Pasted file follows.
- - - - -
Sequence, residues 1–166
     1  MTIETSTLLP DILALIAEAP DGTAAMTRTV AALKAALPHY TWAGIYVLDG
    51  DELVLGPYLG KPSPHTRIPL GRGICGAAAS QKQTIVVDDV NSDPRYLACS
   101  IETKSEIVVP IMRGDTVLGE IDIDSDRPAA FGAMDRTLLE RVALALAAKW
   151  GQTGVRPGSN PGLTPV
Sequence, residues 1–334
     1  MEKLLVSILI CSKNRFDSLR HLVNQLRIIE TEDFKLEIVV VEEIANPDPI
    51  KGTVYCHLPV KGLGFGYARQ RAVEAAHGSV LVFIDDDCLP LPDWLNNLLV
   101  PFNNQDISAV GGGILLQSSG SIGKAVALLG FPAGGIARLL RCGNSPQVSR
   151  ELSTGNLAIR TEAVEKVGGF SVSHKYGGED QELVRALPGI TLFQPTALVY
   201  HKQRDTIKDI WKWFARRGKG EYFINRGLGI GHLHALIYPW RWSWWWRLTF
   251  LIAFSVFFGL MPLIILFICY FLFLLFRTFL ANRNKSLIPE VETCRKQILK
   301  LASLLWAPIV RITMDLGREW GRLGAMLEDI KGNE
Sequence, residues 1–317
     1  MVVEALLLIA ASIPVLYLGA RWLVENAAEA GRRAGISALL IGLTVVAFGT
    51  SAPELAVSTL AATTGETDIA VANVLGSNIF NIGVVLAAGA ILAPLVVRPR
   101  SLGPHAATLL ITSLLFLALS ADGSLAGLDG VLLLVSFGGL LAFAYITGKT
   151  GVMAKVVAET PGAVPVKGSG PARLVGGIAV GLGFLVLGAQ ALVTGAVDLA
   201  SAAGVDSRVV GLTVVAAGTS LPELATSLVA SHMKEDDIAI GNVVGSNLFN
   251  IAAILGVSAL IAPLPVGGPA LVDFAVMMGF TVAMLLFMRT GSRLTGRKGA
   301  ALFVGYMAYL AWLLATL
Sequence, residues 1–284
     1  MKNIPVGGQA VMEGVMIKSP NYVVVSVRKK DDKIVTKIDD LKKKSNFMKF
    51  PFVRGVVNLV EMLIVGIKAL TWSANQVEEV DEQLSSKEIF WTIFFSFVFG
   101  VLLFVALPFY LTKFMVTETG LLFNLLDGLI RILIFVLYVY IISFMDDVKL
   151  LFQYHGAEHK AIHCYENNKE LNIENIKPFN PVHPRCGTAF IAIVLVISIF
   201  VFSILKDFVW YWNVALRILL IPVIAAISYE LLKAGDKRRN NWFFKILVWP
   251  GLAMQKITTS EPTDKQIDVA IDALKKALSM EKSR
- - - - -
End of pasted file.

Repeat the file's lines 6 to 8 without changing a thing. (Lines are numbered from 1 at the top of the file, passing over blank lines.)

Sequence, residues 1–334
     1  MEKLLVSILI CSKNRFDSLR HLVNQLRIIE TEDFKLEIVV VEEIANPDPI
    51  KGTVYCHLPV KGLGFGYARQ RAVEAAHGSV LVFIDDDCLP LPDWLNNLLV